BANGOR — A store that ran lots of sales in its years at the Airport Mall got a discount on its property taxes Monday, but not out of generosity.
City Solicitor Erik Stumpfel recommended writing off about $11,200 in personal property taxes for Rich’s department store, telling councilors on the finance committee that the money the city had in hand was probably all it was going to get.
Rich’s closed in January 1996 after the chain filed for bankruptcy.
The committee agreed with Stumpfel, voting to approve his recommendation to reduce the taxes.
The taxes owed by Rich’s were for personal property — the equipment and fixtures that were in the store.
The store didn’t own the building it was in, so there were no real estate taxes. If there had been, Stumpfel said last week, the city would have held off and taken the real estate on a matured tax lien at the proper time.
Before the meeting, Stumpfel had sent the committee a five-page memo on the tax matter, which was quite technical.
In essence, Stumpfel explained to the committee Monday, the $11,200 represented the second half of the store’s taxes for fiscal year 1996. The city is getting the 1997 taxes owed it, he said.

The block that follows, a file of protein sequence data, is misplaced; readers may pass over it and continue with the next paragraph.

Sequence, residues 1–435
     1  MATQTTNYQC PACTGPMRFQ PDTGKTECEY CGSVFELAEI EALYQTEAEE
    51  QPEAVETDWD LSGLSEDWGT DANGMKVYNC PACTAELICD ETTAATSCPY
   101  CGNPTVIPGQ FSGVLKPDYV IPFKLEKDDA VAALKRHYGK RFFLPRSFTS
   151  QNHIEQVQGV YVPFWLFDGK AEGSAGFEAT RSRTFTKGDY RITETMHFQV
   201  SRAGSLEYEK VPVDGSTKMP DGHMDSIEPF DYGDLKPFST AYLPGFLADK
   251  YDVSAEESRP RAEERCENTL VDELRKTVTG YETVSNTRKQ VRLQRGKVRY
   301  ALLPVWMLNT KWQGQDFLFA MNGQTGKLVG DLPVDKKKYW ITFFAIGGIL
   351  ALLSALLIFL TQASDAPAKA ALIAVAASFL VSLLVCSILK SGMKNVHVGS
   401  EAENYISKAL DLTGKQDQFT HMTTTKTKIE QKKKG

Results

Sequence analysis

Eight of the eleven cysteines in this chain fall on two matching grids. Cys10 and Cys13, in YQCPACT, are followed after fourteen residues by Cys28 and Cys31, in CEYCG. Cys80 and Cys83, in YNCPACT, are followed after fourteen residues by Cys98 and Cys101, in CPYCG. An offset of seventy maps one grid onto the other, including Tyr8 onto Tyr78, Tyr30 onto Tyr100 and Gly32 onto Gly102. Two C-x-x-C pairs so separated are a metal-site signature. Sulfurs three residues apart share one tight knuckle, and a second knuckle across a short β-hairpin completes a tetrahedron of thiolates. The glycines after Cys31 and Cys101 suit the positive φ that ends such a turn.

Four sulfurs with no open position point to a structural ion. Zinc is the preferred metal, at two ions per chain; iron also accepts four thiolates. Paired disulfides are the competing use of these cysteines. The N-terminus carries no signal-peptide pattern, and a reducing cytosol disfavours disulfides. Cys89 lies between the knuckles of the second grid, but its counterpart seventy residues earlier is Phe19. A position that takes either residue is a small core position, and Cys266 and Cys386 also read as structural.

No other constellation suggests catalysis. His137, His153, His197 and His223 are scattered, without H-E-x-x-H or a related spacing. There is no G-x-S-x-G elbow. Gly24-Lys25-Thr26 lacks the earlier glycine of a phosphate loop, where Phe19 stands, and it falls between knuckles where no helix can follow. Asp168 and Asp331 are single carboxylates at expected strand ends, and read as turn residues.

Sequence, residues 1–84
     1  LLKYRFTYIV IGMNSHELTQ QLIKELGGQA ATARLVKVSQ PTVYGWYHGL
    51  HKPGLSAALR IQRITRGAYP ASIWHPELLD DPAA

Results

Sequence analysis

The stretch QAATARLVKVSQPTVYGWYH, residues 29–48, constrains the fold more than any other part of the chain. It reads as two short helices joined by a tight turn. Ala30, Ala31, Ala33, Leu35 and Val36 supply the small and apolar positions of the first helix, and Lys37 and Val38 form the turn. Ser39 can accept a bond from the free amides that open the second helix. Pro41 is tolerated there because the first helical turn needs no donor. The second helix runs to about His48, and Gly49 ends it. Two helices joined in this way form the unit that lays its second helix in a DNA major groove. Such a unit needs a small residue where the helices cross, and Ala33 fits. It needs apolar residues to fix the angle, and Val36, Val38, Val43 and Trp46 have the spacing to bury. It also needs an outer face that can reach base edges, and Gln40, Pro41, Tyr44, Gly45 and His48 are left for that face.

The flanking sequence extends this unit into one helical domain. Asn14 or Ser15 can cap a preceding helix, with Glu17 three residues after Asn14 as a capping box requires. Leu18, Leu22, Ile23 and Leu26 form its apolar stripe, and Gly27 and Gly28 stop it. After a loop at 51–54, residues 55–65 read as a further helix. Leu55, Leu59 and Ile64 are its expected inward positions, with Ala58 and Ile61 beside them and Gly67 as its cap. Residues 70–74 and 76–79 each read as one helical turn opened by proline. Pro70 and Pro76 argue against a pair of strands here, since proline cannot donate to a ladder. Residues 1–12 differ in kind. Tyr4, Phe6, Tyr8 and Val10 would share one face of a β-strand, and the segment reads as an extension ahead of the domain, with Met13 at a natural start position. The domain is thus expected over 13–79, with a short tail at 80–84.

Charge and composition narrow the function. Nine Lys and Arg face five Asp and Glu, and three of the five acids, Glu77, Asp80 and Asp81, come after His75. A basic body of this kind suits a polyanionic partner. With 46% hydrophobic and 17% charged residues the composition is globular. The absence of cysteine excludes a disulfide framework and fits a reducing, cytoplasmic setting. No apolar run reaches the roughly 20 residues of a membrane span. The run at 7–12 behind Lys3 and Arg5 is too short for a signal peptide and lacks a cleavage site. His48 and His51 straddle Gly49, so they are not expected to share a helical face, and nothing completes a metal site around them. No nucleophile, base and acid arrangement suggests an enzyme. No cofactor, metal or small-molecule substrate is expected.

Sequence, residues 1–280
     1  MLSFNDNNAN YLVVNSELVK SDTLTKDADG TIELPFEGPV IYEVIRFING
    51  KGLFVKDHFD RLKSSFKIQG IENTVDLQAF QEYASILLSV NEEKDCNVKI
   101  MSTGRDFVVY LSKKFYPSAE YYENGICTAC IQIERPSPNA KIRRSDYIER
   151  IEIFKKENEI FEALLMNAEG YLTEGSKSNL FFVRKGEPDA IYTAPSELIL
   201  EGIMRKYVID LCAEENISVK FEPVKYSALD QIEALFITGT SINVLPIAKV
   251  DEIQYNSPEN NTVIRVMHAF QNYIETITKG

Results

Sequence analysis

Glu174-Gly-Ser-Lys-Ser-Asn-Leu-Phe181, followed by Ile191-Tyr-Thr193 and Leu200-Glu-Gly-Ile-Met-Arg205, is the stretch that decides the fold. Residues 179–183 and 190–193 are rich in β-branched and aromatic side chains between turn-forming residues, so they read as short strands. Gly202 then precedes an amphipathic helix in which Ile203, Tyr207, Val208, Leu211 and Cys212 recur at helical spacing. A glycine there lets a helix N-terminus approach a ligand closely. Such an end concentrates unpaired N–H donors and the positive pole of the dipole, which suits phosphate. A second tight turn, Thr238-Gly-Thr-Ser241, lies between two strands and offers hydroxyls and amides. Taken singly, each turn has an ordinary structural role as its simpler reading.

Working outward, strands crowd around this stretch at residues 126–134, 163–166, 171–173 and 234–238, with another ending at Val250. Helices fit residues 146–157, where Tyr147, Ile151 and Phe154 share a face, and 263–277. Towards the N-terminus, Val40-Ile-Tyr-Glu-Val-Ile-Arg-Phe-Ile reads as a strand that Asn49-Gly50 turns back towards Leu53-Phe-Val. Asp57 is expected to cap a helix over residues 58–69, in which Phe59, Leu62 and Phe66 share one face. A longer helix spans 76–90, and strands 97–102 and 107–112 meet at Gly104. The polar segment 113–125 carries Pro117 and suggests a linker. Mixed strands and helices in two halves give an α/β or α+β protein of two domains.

The city could have refused to reduce the taxes for 1996, he said, but its chances of getting more than the $13,347 Rich’s offered was small.
The city would fall in a low category for repayment after the bankruptcy proceedings, he anticipated, and likely would not get any more money.
The amount offered by Rich’s will cover pro-rated taxes for 1997, in addition to outstanding sewer bills.
Also on Monday, the committee approved:
Spending $2,402 to install automatic door openers at the side entrance to City Hall. The work will make the building more accessible to the handicapped, particularly those in wheelchairs. Because it is a capital project, the matter will go to the full council for a final vote.
Spending $19,000 to stabilize the concrete floors at the Bangor Auditorium.